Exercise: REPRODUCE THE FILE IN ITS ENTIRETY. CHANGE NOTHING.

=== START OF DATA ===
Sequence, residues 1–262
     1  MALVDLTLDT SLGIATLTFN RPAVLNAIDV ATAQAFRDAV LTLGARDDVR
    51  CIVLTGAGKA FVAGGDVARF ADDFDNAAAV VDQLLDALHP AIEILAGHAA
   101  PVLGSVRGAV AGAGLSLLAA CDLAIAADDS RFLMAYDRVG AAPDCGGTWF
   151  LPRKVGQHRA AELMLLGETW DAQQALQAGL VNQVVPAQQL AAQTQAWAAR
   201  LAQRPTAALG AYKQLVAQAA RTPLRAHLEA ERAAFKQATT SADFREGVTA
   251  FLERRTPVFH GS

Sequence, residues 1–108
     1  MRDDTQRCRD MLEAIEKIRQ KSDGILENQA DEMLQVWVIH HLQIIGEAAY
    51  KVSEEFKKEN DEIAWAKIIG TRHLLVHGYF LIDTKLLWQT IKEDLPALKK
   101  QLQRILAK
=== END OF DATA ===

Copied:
Sequence, residues 1–262
     1  MALVDLTLDT SLGIATLTFN RPAVLNAIDV ATAQAFRDAV LTLGARDDVR
    51  CIVLTGAGKA FVAGGDVARF ADDFDNAAAV VDQLLDALHP AIEILAGHAA
   101  PVLGSVRGAV AGAGLSLLAA CDLAIAADDS RFLMAYDRVG AAPDCGGTWF
   151  LPRKVGQHRA AELMLLGETW DAQQALQAGL VNQVVPAQQL AAQTQAWAAR
   201  LAQRPTAALG AYKQLVAQAA RTPLRAHLEA ERAAFKQATT SADFREGVTA
   251  FLERRTPVFH GS

Sequence, residues 1–108
     1  MRDDTQRCRD MLEAIEKIRQ KSDGILENQA DEMLQVWVIH HLQIIGEAAY
    51  KVSEEFKKEN DEIAWAKIIG TRHLLVHGYF LIDTKLLWQT IKEDLPALKK
   101  QLQRILAK